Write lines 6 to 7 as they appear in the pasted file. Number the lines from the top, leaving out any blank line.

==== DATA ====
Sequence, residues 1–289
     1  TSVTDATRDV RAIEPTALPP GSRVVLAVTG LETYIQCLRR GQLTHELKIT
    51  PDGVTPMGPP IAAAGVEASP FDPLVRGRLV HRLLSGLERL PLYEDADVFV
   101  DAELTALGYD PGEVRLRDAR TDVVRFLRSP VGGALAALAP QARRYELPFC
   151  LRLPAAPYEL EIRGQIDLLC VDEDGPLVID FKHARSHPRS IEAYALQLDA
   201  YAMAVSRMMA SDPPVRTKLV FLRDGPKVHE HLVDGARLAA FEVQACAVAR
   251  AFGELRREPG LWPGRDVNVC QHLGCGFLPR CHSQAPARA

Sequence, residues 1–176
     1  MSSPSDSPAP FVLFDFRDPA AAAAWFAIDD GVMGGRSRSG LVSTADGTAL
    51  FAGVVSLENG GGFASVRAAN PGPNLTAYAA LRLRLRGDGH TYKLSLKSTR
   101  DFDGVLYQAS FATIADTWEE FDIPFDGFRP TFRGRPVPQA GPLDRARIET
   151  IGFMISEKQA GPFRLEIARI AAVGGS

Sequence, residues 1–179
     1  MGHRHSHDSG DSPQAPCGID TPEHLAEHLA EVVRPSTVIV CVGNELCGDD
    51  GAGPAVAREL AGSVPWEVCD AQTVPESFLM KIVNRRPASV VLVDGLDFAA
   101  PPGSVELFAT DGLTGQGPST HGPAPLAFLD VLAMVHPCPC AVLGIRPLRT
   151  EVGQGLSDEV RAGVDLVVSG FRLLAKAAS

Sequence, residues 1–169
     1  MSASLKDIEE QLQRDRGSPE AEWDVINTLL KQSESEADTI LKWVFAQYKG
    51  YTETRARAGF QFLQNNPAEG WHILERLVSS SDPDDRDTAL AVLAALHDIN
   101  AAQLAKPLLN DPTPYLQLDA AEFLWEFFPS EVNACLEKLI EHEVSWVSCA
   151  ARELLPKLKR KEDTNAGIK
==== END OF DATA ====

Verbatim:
   201  YAMAVSRMMA SDPPVRTKLV FLRDGPKVHE HLVDGARLAA FEVQACAVAR
   251  AFGELRREPG LWPGRDVNVC QHLGCGFLPR CHSQAPARA